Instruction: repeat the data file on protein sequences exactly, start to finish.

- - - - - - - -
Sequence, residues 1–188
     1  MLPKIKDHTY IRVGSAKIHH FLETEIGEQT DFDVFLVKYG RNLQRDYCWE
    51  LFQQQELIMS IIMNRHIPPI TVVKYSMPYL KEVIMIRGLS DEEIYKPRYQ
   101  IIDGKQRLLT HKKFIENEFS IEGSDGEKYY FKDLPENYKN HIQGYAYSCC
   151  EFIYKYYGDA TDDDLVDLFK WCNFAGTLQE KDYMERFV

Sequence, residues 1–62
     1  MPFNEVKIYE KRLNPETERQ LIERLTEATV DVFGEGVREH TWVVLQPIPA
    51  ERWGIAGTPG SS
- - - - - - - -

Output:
Sequence, residues 1–188
     1  MLPKIKDHTY IRVGSAKIHH FLETEIGEQT DFDVFLVKYG RNLQRDYCWE
    51  LFQQQELIMS IIMNRHIPPI TVVKYSMPYL KEVIMIRGLS DEEIYKPRYQ
   101  IIDGKQRLLT HKKFIENEFS IEGSDGEKYY FKDLPENYKN HIQGYAYSCC
   151  EFIYKYYGDA TDDDLVDLFK WCNFAGTLQE KDYMERFV

Sequence, residues 1–62
     1  MPFNEVKIYE KRLNPETERQ LIERLTEATV DVFGEGVREH TWVVLQPIPA
    51  ERWGIAGTPG SS